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Wikipedia en anglès (9)
In April 1956, a refitted oil tanker carried fifty-eight shipping containers from Newark to Houston. From that modest beginning, container shipping developed into a huge industry that made the boom in global trade possible. The Box tells the dramatic story of the container's creation, the decade of struggle before it was widely adopted, and the sweeping economic consequences of the sharp fall in transportation costs that containerization brought about. Published on the fiftieth anniversary of the first container voyage, this is the first comprehensive history of the shipping container. It recounts how the drive and imagination of an iconoclastic entrepreneur, Malcom McLean, turned containerization from an impractical idea into a massive industry that slashed the cost of transporting goods around the world and made the boom in global trade possible. But the container didn't just happen. Its adoption required huge sums of money, both from private investors and from ports that aspired to be on the leading edge of a new technology. It required years of high-stakes bargaining with two of the titans of organized labor, Harry Bridges and Teddy Gleason, as well as delicate negotiations on standards that made it possible for almost any container to travel on any truck or train or ship. Ultimately, it took McLean's success in supplying U.S. forces in Vietnam to persuade the world of the container's potential. Drawing on previously neglected sources, economist Marc Levinson shows how the container transformed economic geography, devastating traditional ports such as New York and London and fueling the growth of previously obscure ones, such as Oakland. By making shipping so cheap that industry could locate factories far from its customers, the container paved the way for Asia to become the world's workshop and brought consumers a previously unimaginable variety of low-cost products from around the globe.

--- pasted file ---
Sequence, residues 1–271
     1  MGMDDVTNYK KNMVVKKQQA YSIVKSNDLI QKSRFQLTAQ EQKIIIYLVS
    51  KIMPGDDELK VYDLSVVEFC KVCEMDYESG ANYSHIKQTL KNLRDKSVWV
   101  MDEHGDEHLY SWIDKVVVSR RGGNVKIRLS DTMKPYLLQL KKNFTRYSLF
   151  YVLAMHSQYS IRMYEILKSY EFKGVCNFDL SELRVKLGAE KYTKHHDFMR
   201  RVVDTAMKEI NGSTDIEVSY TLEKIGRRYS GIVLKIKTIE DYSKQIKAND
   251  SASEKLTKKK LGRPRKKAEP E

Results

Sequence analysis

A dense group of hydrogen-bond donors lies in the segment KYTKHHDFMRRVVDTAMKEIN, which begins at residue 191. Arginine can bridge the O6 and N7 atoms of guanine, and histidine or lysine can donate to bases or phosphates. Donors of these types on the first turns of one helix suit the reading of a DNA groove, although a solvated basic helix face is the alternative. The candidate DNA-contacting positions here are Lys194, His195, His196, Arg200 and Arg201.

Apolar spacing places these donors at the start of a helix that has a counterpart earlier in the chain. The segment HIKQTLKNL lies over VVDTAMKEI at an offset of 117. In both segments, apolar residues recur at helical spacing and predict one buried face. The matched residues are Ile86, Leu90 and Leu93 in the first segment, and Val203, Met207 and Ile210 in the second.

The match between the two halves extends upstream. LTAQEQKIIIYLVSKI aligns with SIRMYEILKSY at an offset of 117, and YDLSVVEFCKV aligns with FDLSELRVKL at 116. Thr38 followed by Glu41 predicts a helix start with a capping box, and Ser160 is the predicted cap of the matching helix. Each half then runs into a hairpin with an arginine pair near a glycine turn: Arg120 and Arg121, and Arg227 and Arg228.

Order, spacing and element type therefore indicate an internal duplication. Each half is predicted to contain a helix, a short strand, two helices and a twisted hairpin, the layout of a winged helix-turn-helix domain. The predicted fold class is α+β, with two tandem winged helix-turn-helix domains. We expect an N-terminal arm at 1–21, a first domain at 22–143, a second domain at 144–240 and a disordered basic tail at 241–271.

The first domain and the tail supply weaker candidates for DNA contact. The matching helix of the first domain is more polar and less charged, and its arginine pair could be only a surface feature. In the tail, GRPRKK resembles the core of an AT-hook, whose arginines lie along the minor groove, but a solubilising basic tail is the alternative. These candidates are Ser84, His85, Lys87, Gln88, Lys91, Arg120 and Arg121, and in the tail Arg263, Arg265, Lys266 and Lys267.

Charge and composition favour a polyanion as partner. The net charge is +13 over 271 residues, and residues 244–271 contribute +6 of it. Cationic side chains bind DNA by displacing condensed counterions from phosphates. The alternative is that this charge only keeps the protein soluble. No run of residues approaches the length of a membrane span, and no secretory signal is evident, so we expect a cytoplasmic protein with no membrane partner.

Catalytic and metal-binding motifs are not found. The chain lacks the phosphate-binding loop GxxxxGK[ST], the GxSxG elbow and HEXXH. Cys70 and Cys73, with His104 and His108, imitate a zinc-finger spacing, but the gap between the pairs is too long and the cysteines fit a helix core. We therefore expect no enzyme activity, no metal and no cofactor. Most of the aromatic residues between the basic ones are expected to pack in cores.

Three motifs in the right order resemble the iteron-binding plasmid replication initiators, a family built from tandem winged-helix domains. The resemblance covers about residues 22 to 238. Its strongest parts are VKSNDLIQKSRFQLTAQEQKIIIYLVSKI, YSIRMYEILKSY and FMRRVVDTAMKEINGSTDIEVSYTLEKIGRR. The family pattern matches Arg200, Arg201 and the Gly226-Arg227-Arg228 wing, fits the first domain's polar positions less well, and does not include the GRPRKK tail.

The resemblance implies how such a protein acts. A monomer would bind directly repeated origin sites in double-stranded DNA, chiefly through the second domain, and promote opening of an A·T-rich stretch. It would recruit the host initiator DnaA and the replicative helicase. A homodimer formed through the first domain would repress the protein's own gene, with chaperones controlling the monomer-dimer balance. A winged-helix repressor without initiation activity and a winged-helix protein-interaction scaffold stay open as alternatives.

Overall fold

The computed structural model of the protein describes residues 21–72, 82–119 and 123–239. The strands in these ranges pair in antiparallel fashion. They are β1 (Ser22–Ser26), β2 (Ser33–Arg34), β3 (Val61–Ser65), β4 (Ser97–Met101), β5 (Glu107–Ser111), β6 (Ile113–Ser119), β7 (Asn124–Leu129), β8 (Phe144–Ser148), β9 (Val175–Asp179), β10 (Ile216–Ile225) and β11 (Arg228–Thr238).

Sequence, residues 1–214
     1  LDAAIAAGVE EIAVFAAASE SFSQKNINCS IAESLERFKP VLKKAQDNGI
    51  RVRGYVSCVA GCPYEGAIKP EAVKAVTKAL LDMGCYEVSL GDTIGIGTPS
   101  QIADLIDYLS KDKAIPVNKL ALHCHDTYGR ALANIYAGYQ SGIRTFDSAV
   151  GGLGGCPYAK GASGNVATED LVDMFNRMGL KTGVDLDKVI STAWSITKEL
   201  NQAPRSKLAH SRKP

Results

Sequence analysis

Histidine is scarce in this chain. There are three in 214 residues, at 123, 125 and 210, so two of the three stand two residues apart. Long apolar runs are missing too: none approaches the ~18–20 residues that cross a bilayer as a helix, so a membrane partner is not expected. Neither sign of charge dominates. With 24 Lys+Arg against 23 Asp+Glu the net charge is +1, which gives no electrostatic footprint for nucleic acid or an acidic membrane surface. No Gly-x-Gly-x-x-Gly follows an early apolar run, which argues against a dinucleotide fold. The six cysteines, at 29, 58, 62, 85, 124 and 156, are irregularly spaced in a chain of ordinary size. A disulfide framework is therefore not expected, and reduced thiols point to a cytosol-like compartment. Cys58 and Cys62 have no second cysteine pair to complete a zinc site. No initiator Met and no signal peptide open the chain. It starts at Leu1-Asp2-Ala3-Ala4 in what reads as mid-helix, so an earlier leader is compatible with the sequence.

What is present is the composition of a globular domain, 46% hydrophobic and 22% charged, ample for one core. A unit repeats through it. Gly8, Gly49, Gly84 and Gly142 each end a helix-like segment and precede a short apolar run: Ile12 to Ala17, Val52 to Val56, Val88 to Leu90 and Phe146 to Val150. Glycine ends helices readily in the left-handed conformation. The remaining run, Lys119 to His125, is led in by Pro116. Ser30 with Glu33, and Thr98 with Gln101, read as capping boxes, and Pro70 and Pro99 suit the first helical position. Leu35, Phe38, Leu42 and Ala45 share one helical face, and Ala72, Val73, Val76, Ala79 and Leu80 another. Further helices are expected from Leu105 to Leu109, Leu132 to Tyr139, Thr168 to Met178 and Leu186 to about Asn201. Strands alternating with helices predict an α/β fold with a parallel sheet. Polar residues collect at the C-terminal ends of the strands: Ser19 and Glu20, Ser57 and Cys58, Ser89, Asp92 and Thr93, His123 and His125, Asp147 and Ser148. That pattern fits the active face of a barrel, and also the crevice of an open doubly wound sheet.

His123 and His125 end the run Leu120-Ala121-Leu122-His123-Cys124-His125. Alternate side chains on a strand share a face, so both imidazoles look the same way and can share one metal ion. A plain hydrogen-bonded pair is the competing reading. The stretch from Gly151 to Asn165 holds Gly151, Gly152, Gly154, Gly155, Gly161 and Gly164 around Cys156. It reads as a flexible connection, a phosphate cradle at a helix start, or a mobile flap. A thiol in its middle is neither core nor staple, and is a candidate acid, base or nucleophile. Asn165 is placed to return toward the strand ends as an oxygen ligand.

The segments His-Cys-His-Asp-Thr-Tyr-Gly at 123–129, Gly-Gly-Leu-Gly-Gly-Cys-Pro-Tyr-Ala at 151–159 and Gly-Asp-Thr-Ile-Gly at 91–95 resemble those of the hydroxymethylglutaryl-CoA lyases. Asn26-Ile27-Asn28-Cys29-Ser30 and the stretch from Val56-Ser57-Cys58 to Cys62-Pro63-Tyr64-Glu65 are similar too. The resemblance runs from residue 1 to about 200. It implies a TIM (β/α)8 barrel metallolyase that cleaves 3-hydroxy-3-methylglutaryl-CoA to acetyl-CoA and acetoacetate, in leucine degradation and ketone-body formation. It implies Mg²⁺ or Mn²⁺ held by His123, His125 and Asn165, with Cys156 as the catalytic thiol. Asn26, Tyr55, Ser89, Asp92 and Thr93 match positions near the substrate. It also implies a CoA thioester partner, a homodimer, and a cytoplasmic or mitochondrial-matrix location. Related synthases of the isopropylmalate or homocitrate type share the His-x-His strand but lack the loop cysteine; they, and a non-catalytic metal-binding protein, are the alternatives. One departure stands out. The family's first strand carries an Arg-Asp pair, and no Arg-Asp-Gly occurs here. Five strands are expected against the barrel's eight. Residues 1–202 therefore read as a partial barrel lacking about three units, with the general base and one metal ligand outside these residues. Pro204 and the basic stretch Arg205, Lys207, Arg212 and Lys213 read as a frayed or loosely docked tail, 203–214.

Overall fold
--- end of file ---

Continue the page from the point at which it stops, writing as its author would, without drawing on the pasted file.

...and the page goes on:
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Classificació Decimal de Dewey (DDC)387.5442 — Social sciences Commerce, Communications, Transportation Rivers, Oceans, and Flight Maritime History
LCC (Clas. Bibl. Congrés EUA)